"What'd you say?" she demanded.

"Bull s***!" he accused, as he sprang up to join her at standing level.

She flinched in time, but quickly regained her composure when she realized just how deep his scowl was running, just how serious this was becoming. "Oh, what do you know?"

"Just about everything about you! Get it through your thick head!"

"Don't talk to me like that!"

"This is how you've treated me all this time! All these years! I try to do something nice for you, and I wind up regretting it later!"

"I have not!"

"Have too!"

"Have not!"

"Shut up!" He lunged forward, knocking her to the ground. The sand beneath her erupted upon contact, fading quickly in a cloud of smoke. There was perfect stillness for a fleeting moment, as Alvin looked from her quivering body to his now unclean hands. What have I done? he asked himself.

"Fine… I understand- you hate me." she muttered. All remained silent as she picked herself up, brushed off her skirt and continued down the path, as calmly as if nothing had ever happened. She acknowledged no one as she walked past Alvin, Jeanette and Blue Clad, but kept her eyes amble, unwavering and straight ahead.

They let her get a few steps away before Jeanette latched onto Alvin arm. "Follow her!" she demanded. "Well, what are you waiting for? Follow her!" He scowled in response, just long enough to let the fowl taste of his anger brush against her lips, and slowly spread across her tongue, but not long enough to get into any more skirmishes. As her grip on his arm loosened, he yanked himself away, and then stormed back up the path, in the same direction they had come from. "You jerk…" she mumbled. "You jerk-ity, jerk, jerk, jerk!"

"Jeanette," Blue Clad wrapped his arm around Jeanette's waist, "you can't make him do anything he doesn't want to do." There was a long pause before she finally sighed in agreement. "Come on," he whispered. "You go after Brittany, I'll go after Alvin."


"…did you have a fight?" the boy in the emerald-green polo asked.

"No…" Alvin replied.

"Did you fail a test?" guessed Blue Clad.

"We're barely two weeks into school."

"Did you…" Emerald began, desperately trying to think of other reasons why Alvin might be so miserable. It was fairly apparent though that if they were all the way down to failed-tests, they had pretty much covered everything. "Just tell us!"

"I told you before. It's none of your business."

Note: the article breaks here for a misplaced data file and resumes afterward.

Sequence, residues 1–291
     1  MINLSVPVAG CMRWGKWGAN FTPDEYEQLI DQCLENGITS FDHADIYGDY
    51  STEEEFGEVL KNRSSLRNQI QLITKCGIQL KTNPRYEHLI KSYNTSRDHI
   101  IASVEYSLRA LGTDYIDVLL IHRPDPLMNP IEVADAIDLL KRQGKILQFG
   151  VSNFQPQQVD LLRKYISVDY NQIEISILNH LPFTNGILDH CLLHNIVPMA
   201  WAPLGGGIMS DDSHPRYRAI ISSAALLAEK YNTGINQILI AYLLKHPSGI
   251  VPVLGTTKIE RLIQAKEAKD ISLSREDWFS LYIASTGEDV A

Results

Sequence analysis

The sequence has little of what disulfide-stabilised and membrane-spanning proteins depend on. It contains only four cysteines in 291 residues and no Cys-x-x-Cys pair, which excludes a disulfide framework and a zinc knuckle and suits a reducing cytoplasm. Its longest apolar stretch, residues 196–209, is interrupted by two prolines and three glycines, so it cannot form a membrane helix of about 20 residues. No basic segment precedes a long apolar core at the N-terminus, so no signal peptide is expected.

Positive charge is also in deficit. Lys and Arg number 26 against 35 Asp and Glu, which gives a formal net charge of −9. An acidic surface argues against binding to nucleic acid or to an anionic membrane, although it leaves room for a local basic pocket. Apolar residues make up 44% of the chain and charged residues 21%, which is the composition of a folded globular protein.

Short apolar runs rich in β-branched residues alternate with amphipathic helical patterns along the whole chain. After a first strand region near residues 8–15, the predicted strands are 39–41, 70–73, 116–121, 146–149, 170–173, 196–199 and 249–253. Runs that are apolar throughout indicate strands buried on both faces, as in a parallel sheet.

"We're gonna find out somehow…" Emerald threatened.

Alvin turned his back toward the others. "Hmm. I'd like to see you try."

"Alvin, you idiot!" Three girls were suddenly looming over the boys, the shortest pounding her fist against the table at which they sat. "How could you be so stupid? How could you say no?" For someone so kind, so sweet, so compassionate, she was acting surprisingly hostile. Her naturally gentle face was painted with angry colors, and an overpowering scowl that lacked all hopes of reasoning. She forced her hands back on her hips, agitating her lime-green sundress as she fumed, "This was like, your chance to end all the stupid melodrama, but there you go again: looking for just another way to drag it on!"

"What happened?" asked Blue Clad.

Sundress scoffed before persisting. "This dimwit," she started, gesturing towards Alvin, "Brittany finally had the guts to tell him how she feels and he rejects her!"

"I was being honest!"

Blue Clad tilted his head, considering all this. "…but you do love her, don't you? Then why'd you-"

"Charlene! Why do I always have to repeat myself?"

"So you traded Brittany in for your little imaginary girlfriend?" Emerald laughed. Despite everything that was going on, he suddenly seemed amused.

Alvin shifted his body to face, and to glare at, Emerald. "You knew Charlene when she was still here, Theodore!"

The boy in the emerald polo, Theodore, smiled coldly. A few weeks earlier, he had accidently stumbled upon the fact that Alvin got really irritated whenever Charlene was referred to as "fake", and since had gone to great lengths to bring it up in every conversation, relevant or not. He knew this wasn't true though, for he, himself, had some experiences dealing with Charlene years before. But opportunities to really annoy his brother rarely came around, so he would try to make the most of them whenever possible. "So she does exist? Prove it."

"If it'll make you stop saying she's fake." Alvin fished his wallet from his back pocket, and withdrew a 2½ by 3 ½ from inside. He handed it to Theodore, and watched as his face changed from mocking to gawking.

"You're dating this girl?" Alvin nodded. "No wonder you can wait-she's gorgeous."

"Can I see the photo?" asked Sundress.

"Can I keep the photo?" Theodore joked.

"No! Give it back!"

The girl on the outskirts of the sextet watched as Alvin repeatedly lunged for the picture, which Theodore would playfully pull inches out of reach. For some reason, this seemed to upset her. "Whatever…" she muttered.

The second of the three girls, Jeanette, turned to face the person who had just spoke. Up until then, Jeanette had been watching the others from a safe distance, analyzing them with her arms crossed and her lips pierced. But now she turned, seemingly making it the first time anyone took notice of the last girl, Brittany. "I'm sorry, Britt. Will you be okay?"

"It doesn't matter now, does it?" Tears began to weld up in her eyes. "I… I regret it."

"No, don't. He was bound to find out eventually. At least now you know. Now you can move on. There are plenty of other boys out there." She coaxed Brittany out of her seat and started to lead her from the arguing. "Come on. I'll buy you a soda."

"Why are you doing this for me?" Brittany managed between sobs.

"Because despite what you may believe, Alvin isn't your only friend in the world."